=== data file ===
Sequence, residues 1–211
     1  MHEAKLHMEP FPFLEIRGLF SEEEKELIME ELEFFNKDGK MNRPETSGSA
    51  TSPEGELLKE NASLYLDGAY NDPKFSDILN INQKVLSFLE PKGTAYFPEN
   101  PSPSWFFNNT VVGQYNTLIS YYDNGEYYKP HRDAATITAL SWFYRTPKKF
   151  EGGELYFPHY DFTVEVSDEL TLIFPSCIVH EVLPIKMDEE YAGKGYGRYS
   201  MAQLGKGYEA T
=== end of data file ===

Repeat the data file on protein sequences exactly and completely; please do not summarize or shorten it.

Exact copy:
Sequence, residues 1–211
     1  MHEAKLHMEP FPFLEIRGLF SEEEKELIME ELEFFNKDGK MNRPETSGSA
    51  TSPEGELLKE NASLYLDGAY NDPKFSDILN INQKVLSFLE PKGTAYFPEN
   101  PSPSWFFNNT VVGQYNTLIS YYDNGEYYKP HRDAATITAL SWFYRTPKKF
   151  EGGELYFPHY DFTVEVSDEL TLIFPSCIVH EVLPIKMDEE YAGKGYGRYS
   201  MAQLGKGYEA T